Ross Greer first joined the Scottish Greens when he was 15-years-old and nine years later, he became the youngest ever Member of Scottish Parliament.
Three years on, he made national headlines after comments on Twitter, claiming that Winston Churchill was a “white supremacist” and a “mass murder.”
A tweet that angered many and led to him to making an appearance on Good Morning Britain, in which Piers Morgan branded him a “nasty, smearing, derogatory young man.”
I recently spoke with the 24-year-old to get his views on Brexit and whether it could lead to a second independence referendum for Scotland.
Greer felt “anxiety” within Scotland of the increasing danger of heading towards a No Deal Brexit.
“There is a collective sense of horror at Holyrood at the car-crash playing out at Westminster and the genuinely devastating effects it might have on the people we represent if Brexit goes ahead in any form.”
He believes a No Deal Brexit could lead to “shortages of medicines, of food and much else” and that the Scottish government would then “be left to pick up the pieces and do the best we can to protect the public.”
The West Scotland region MSP is a strong critic of how Theresa May has handled Brexit negotiations and believes she will “likely go down as the most incompetent Prime Minister in modern history” due to her being “cripplingly indecisive.”
“She may not be the cruellest, given Thatcher’s devastation of industrial and mining communities and Cameron’s sustained attacks on the disabled but the raw incompetence with which she has handled this has gone well beyond what most were expecting.”
He blames her lack of ability at keeping “Brexiteer extremists” within her party in check as the reason for her inability to reach a deal.
Greer is concerned about the impact that Brexit may have on universities and subsequently education sector within Scotland.
“Everyone benefits from the European funding which our colleges and universities receive and from the thousands of staff who come from elsewhere in Europe to contribute to Scottish higher and further education.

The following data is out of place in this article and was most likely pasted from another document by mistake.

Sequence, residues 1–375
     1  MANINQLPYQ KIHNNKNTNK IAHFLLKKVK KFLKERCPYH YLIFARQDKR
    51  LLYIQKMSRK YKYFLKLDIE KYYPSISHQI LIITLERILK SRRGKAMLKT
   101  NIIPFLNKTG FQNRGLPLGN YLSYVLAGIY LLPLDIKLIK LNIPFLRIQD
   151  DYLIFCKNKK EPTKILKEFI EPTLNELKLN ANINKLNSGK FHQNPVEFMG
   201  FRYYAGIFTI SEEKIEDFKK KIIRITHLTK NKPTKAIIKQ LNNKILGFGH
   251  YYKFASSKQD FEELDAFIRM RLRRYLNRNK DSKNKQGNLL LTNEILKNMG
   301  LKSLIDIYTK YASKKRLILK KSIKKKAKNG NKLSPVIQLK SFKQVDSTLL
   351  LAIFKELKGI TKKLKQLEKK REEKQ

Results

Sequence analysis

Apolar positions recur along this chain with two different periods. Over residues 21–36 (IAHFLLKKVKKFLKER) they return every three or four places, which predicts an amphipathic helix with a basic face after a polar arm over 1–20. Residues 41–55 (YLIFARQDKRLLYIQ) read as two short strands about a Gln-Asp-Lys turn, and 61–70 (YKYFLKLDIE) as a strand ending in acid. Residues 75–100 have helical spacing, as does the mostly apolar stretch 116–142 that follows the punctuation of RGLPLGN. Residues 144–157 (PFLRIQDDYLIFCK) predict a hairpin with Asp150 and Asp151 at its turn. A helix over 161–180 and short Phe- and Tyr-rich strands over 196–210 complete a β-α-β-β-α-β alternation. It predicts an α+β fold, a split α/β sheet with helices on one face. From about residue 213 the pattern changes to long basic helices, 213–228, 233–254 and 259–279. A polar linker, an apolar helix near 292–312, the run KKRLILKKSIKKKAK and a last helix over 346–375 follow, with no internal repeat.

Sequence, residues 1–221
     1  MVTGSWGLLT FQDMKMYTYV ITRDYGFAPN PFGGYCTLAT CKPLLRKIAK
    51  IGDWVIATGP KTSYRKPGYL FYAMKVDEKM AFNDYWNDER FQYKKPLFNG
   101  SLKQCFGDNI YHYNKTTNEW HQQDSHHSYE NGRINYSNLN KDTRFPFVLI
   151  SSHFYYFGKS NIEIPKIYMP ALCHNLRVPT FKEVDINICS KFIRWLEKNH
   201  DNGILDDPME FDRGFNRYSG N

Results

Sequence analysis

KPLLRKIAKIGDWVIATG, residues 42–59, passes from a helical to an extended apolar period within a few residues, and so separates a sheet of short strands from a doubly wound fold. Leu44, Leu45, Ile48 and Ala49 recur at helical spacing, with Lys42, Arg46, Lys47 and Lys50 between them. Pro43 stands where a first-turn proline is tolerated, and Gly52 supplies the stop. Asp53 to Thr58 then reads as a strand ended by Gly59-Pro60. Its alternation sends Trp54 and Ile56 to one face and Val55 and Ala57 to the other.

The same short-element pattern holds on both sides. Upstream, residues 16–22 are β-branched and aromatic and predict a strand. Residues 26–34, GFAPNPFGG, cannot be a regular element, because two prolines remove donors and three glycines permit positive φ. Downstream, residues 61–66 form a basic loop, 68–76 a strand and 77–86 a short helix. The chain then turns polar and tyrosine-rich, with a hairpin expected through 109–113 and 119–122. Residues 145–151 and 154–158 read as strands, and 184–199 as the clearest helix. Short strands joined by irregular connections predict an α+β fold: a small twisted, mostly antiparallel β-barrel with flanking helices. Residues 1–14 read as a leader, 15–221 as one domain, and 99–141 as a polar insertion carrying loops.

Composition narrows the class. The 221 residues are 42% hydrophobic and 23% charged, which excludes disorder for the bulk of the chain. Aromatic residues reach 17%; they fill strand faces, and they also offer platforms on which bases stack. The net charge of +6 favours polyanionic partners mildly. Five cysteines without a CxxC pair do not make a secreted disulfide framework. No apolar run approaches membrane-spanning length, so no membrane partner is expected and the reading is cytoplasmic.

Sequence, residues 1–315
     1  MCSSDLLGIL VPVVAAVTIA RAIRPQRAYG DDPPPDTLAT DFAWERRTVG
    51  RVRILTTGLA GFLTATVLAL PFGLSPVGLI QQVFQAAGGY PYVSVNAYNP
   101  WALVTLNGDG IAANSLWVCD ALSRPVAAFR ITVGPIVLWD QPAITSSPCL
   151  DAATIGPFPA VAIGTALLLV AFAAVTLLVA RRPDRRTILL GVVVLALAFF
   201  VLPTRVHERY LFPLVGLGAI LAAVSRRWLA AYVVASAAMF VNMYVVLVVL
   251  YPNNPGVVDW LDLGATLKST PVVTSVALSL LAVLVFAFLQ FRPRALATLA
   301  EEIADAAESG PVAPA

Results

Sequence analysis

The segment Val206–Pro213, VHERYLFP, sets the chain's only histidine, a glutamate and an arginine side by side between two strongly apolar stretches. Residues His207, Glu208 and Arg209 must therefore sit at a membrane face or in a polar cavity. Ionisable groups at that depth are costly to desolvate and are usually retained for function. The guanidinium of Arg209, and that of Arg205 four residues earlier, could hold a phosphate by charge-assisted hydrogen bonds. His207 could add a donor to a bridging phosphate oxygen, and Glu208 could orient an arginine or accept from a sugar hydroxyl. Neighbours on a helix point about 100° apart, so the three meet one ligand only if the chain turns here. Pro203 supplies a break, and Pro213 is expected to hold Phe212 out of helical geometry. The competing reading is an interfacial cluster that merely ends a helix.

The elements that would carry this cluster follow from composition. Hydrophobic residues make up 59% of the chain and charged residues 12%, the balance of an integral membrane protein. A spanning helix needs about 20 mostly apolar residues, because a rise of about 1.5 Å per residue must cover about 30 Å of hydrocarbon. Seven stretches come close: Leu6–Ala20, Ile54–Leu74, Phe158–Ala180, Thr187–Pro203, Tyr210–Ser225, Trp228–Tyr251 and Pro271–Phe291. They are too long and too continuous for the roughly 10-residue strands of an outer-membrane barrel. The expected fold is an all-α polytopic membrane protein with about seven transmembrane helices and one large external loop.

“Losing all of that will make us more isolated and will harm the world class status of our universities in particular.”
Asked specifically how students will be hit by Brexit, Greer believes that they “benefit colossally from European freedom of movement” but that there is more at stake than programs such as ERASMUS.
“On a wider level, given the expectation of the pound’s continued decline and the increased cost of essentials such as food and fuel, students will likely be some of the worst affected, given the minimal incomes that many are on.
“Any economic downturn will result in jobs being lost in the industries that many students work in, like hospitality, which are typically directed hit by people having less money to spend.”
The Scottish Greens are the only party other than the SNP to support an independent Scotland. Greer himself dropped out of the University of Strathclyde to work for Yes Scotland, so I wondered about his stance on Indyref2 after the complexity of Britain leaving the EU.
He stressed that the “contempt shown by the Westminster government towards all of Scotland” has confirmed the Scottish Greens belief that “Scotland’s interests are best served as an independent nation with our own seat at the European table.”
“We didn’t vote for this and our vote to Remain hasn’t even been acknowledged, never mind reflected in the Brexit the Tories are trying to engineer.
“The Scottish Government have tried repeatedly and at every level to engage with the UK Government and they have been treated terribly in the process.”
He feels that Scotland has “unable to contribute towards the formation of a UK negotiating position and they have had to watch as the UK Government publishes position papers on areas, like education, which are Scottish responsibilities, as if neither the Scottish Government, nor Parliament nor our centuries old independent legal system exist.”
The Scottish people are hungry for independence, according to Greer: “We believe in independence and we will campaign for it based on the mandate voters have given us. I wouldn’t expect our unionist colleagues to do anything other than the opposite, after all that’s what they were elected to do as well.
“So why are they so offended that we are acting on our mandate, respecting the voters and pursuing a long-term goal, independence, which we believe will be to Scotland’s benefit?”